Limoncello Tart

Limoncello TartThis Limoncello Tart is week 8 of my new year’s resolution for 2013 to cook at least one new thing every week, for the year.

I have to admit to having a terribly sweet tooth and being a bit of a chocoholic. This year, in a moment of madness, I decided to give up chocolate for Lent. It’s already been a lot harder than I thought and I keep finding myself yearning for something creamy and decadent.

This Limoncello Tart has proved to be just the thing though. The texture is a super combination of thick, soft and creamy filling combined with the crunch of a sweet enriched pastry. The filling has lashings of double cream and a light citrus hint from the Limoncello Dessert Filling that was sent to me for review from Sugar and Crumbs. It is certainly a decadent dessert and with all the cream and sugar you definitely don’t want to stop to count the calories…but it is oh so worth it.

 

Limoncello Tart and Drizzled Sauce

 

How To Make Limoncello Tart

Ingredients Limoncello Tar
(makes a 22cm tart)

For The Pastry

  • 100g softened butter
  • 75g sugar
  • 3 egg yolks
  • 175g plain flour

 

For The FillingLimoncello Tart Cut

  • 250g caster sugar
  • 300ml double cream
  • 6 large eggs
  • 3 tablespoons of Limoncello Dessert Filling

Method

  1. For the pastry, cream the butter and sugar, add the egg yolks and flour and combine to form a soft dough.
  2. Roll it out and line your flan tin but do not trim, leave the excess overhanging. Lightly wrap in cling-film and pop it in the fridge for 20 minutes. (The pastry will shrink back a little which is why you shouldn’t trim it to size until after it’s done this.)
  3. Preheat your oven to 180C/ gas mark 4.
  4. When your pastry has chilled, trim it off to fit the tin and blind bake for 15 minutes. (You can use baking beans if you have them, I don’t have any and it still worked just fine.)
  5. Set aside the pastry case to cool and turn the oven down to 170C/gas mark 3.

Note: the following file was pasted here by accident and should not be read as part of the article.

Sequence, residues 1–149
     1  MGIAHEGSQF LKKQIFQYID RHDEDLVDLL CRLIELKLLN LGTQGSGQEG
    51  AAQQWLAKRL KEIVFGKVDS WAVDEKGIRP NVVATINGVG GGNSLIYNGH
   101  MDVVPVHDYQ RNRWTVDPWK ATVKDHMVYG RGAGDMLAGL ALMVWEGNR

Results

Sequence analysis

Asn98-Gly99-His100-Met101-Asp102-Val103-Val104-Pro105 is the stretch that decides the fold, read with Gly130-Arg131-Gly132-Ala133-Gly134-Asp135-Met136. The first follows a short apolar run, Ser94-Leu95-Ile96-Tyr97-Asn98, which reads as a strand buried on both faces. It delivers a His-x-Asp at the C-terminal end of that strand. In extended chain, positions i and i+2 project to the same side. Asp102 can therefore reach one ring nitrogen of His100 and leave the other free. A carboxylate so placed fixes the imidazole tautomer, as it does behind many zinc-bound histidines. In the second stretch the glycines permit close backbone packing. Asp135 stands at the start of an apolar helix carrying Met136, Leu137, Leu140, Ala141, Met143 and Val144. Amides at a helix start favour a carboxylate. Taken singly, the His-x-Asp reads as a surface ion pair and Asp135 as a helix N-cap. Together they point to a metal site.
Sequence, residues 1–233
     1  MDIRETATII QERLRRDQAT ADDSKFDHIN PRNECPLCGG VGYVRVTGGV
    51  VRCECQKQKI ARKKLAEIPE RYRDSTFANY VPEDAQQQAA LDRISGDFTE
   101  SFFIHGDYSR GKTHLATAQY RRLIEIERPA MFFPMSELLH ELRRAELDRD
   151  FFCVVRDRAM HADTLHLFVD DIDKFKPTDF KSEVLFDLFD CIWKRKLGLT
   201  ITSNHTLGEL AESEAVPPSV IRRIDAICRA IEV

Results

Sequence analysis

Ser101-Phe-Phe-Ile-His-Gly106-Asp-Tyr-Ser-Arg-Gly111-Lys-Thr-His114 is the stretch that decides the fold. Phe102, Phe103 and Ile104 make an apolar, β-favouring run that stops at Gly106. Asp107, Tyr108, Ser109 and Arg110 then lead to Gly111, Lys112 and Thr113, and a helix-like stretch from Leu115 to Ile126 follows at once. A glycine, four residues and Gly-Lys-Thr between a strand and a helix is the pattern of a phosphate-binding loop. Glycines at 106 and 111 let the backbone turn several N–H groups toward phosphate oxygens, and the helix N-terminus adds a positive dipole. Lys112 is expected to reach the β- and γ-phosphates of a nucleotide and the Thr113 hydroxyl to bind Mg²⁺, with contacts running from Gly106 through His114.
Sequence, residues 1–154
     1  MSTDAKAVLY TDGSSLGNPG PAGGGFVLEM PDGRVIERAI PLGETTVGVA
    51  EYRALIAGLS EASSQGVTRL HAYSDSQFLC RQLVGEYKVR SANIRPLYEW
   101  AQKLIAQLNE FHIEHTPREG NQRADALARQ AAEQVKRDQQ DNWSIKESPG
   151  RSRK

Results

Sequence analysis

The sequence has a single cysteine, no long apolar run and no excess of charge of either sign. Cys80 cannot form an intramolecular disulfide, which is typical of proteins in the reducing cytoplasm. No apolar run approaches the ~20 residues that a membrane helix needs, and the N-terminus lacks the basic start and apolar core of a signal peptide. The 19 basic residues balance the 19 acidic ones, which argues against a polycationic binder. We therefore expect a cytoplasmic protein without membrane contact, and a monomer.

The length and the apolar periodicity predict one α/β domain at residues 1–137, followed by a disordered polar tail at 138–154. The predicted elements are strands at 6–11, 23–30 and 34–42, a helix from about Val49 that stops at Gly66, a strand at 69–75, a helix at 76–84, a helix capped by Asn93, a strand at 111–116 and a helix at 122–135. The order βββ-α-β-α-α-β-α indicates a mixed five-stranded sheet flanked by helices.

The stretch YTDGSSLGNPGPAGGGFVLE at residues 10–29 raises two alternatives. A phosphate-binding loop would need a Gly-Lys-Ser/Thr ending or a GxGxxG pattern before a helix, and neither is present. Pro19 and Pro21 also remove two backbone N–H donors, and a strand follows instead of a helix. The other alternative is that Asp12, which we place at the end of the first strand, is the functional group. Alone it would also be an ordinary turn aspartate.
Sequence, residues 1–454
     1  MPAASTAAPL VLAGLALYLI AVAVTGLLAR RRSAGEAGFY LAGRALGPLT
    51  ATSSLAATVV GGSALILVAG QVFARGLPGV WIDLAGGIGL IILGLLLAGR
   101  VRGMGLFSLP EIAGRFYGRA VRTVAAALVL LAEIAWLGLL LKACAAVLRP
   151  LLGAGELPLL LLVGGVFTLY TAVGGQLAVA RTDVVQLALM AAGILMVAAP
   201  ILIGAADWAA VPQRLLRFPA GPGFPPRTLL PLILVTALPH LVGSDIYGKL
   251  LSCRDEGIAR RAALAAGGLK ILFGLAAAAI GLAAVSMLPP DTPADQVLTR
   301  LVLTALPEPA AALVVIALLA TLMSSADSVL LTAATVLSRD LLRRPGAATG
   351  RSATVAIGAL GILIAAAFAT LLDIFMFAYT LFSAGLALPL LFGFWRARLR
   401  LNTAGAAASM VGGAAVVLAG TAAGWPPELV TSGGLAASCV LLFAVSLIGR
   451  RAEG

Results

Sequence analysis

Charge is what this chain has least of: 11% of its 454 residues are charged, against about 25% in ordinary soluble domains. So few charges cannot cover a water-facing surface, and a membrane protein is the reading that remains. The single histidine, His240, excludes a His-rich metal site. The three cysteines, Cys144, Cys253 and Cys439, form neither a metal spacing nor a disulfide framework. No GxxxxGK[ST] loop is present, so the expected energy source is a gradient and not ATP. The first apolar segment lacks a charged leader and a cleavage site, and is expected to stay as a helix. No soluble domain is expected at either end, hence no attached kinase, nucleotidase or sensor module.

6. For the filling, add the sugar, eggs and double cream to a large bowl and mix to evenly combine.
  7. Add the Limoncello Dessert Filling one spoon at a time and stir gently to mix. Do a taste test; you may prefer a stronger or more subtle citrus taste so adjust your quantities accordingly.
  8. Pour the filling into the pastry case and bake for 45 minutes until lightly coloured and set.
  9. Allow to cool and dust with icing sugar.
  10. I served mine with an additional drizzle of Limoncello because it looked really pretty and added an extra flash of zing. (I  shall have to admit to also having mine with an added spoon of double cream too…pure wickedness!)

This dessert has been a big hit at home and was wolfed down in next to no time. I found the Limoncello Dessert Filling really easy to use and I think it will be great when I haven’t got any fresh citrus fruits or the time to fiddle about with squeezing and zesting.  I like that it can be used as either a standalone sauce or filling or stirred into products too; a versatile addition to the pantry.

 

A Slice Of Limoncello Tart

 

2012-2013 © My Little 3 and Me

Comments

  1. This looks delicious Emma and I’m intrigued by the limoncello dessert filling!
    Joy @ Baking-Joy recently posted…Peanut butter chocolate raisin cookiesMy Profile

    • Emma (My Little 3 and Me) says:

      Thanks Joy that’s really kind. The Limoncello is a new product. It’s not the kind of thing I’d normally consider buying but it has already proven to be a really handy standby for lots of different things. I even had some on toast which was a bit wicked of me wasn’t it. I’m hoping they might extend the range and bring out some other flavours too in the future.

  2. Hi Emma – the valentine suncatchers were unbelievably simple and look great – and now i discover this lemoncello dessert – it looks lovely! thanks for your encouragement and enjoy using your creativity
    new pyjama mummy recently posted…The Strangely FamiliarMy Profile

    • Emma (My Little 3 and Me) says:

      Thankyou. :-) Do try the tart if you get the chance it is really luscious and subtle enough to suit children’s palates too.

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